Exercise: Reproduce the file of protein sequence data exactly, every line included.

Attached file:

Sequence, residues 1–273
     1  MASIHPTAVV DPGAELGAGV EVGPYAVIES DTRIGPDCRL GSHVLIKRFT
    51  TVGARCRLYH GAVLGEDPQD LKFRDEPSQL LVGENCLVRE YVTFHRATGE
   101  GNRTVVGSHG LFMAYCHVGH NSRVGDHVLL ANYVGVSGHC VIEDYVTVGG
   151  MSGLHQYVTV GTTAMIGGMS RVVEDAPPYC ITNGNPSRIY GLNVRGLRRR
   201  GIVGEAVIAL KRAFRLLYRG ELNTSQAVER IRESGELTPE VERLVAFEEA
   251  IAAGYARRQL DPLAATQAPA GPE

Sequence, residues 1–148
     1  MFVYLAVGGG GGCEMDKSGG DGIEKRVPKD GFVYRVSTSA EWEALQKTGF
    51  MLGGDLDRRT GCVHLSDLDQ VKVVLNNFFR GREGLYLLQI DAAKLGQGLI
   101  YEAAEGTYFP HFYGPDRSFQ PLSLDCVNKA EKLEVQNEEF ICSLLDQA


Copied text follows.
Sequence, residues 1–273
     1  MASIHPTAVV DPGAELGAGV EVGPYAVIES DTRIGPDCRL GSHVLIKRFT
    51  TVGARCRLYH GAVLGEDPQD LKFRDEPSQL LVGENCLVRE YVTFHRATGE
   101  GNRTVVGSHG LFMAYCHVGH NSRVGDHVLL ANYVGVSGHC VIEDYVTVGG
   151  MSGLHQYVTV GTTAMIGGMS RVVEDAPPYC ITNGNPSRIY GLNVRGLRRR
   201  GIVGEAVIAL KRAFRLLYRG ELNTSQAVER IRESGELTPE VERLVAFEEA
   251  IAAGYARRQL DPLAATQAPA GPE

Sequence, residues 1–148
     1  MFVYLAVGGG GGCEMDKSGG DGIEKRVPKD GFVYRVSTSA EWEALQKTGF
    51  MLGGDLDRRT GCVHLSDLDQ VKVVLNNFFR GREGLYLLQI DAAKLGQGLI
   101  YEAAEGTYFP HFYGPDRSFQ PLSLDCVNKA EKLEVQNEEF ICSLLDQA